Off we go into the wildness and there are birds chirping and it is shaded with this beautiful canopy of trees and I’m thinking, “I’m a hiker!  I’m a real hiker!  This is so much fun!”  And then — no joke — maybe two yards away from our starting place, the trail starts to incline.  I’m breathing a little more deeply but still excited that this is what hikers do when, now ten yards ahead, I’m out of breath.  I mean completely out of breath.  I’m gasping for air and thinking, “Oh my gosh — How can a trail get so serious so soon?  Isn’t there a honeymoon period where the trail at least tricks you that life is going to be perfect?” and “Where is my honeymoon period?  Why didn’t I get my honeymoon period?” and I’m thinking all of this while my new hiker friend is just prancing calmly ahead.  By this time, he’s getting a little farther up the trail . . . then a little more . . . and a little more . . . and I’m trying to keep up so I’m running to stay at his heels and gasping for air.  This was Mistake Number Three: I should have slowed my hike — for obvious reasons, of course — but me walking at his heels made him think he should go faster, which he did.  I learned this on the way back (thankfully).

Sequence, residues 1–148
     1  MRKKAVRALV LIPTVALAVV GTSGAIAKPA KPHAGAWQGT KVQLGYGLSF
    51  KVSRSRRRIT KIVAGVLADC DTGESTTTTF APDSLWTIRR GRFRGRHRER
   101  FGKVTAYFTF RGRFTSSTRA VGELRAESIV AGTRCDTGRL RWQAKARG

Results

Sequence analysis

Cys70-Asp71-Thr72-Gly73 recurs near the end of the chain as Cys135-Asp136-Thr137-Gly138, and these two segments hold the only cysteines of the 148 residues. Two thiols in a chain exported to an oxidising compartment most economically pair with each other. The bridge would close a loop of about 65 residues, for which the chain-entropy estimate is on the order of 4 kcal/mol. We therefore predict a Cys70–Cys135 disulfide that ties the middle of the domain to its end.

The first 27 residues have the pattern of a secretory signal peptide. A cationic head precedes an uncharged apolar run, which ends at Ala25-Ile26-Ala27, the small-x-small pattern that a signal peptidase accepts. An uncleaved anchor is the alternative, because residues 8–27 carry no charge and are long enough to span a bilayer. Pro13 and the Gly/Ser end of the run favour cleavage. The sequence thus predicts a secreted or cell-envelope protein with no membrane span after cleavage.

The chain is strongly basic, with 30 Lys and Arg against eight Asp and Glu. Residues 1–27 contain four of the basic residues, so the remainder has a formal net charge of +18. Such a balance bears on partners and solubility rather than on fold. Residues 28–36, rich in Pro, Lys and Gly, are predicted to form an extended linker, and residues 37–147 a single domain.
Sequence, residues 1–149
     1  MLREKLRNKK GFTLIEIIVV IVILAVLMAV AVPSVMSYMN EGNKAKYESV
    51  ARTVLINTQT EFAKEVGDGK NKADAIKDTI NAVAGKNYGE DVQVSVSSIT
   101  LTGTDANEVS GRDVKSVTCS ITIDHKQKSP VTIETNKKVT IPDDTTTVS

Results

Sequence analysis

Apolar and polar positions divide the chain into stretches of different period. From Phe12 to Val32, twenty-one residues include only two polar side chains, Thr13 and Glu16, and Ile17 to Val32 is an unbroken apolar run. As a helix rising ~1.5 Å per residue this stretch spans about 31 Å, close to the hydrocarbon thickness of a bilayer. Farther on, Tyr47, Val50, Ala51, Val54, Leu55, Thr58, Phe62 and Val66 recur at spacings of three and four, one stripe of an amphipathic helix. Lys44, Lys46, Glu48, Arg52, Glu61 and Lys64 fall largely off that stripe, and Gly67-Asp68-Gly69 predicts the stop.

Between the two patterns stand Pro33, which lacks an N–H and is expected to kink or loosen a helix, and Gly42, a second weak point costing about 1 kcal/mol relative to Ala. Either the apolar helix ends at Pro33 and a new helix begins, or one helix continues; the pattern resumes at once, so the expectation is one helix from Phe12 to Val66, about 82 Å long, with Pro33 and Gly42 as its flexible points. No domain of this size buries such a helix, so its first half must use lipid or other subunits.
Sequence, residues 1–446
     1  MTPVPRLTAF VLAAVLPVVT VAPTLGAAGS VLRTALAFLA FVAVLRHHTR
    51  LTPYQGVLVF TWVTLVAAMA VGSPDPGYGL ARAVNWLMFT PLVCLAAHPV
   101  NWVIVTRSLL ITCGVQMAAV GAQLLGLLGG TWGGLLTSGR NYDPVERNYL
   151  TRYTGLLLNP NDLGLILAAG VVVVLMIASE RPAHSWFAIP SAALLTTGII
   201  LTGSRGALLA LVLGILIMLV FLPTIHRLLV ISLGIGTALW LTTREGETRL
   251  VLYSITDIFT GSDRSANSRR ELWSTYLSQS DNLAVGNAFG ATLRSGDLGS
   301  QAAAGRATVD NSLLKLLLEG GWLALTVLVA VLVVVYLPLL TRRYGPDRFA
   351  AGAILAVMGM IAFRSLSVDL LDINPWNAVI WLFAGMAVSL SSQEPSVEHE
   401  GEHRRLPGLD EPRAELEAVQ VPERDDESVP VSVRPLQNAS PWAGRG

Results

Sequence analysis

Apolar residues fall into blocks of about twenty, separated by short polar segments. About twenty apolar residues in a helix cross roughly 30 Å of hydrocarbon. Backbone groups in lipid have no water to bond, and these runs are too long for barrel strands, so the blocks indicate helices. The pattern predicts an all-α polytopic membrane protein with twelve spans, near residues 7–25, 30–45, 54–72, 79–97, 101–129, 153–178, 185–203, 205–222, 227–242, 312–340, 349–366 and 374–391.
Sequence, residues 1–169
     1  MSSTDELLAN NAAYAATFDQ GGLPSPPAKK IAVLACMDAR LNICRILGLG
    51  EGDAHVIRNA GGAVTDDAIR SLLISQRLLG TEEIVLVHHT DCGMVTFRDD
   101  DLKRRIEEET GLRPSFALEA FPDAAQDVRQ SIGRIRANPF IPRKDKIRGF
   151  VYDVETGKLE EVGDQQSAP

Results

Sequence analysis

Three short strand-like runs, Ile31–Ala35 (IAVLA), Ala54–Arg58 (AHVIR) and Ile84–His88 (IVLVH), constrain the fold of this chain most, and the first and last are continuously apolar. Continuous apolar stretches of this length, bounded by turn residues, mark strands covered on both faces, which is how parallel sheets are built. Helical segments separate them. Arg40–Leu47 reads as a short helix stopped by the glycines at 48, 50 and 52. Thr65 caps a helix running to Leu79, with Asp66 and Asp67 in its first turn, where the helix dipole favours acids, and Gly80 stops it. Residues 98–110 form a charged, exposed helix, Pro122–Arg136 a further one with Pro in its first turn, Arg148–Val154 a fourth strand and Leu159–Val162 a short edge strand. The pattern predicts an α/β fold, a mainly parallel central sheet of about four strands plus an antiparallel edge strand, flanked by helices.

Anyway, we are hiking up and up, and he turns around to make sure I’m okay so I smile, trying to look like, “Oh, I’m just looking at the trees and nature and the beauty of this area!” so he smiles and keeps going which allows me to go back to open-mouth panting again.  This is when it dawned on me I should have told Vinayak I am not an expert hiker or even a hiker.  I was and probably still am just a girl that purchased new hiking boots and socks and a pack.  Mistake Number Four: I should have been honest.  I wanted to look cool though!  I wanted to look like a hiker!  I wanted to look like this wasn’t hard and I was in shape and I didn’t have MS — I wanted to be a normal, regular person so damned if I was gonna tell him to slow down and stop!  Plus, I’m a feminist — I could keep up with this guy . . . from India . . . who runs at least ten miles daily . . . ten miles in an hour . . .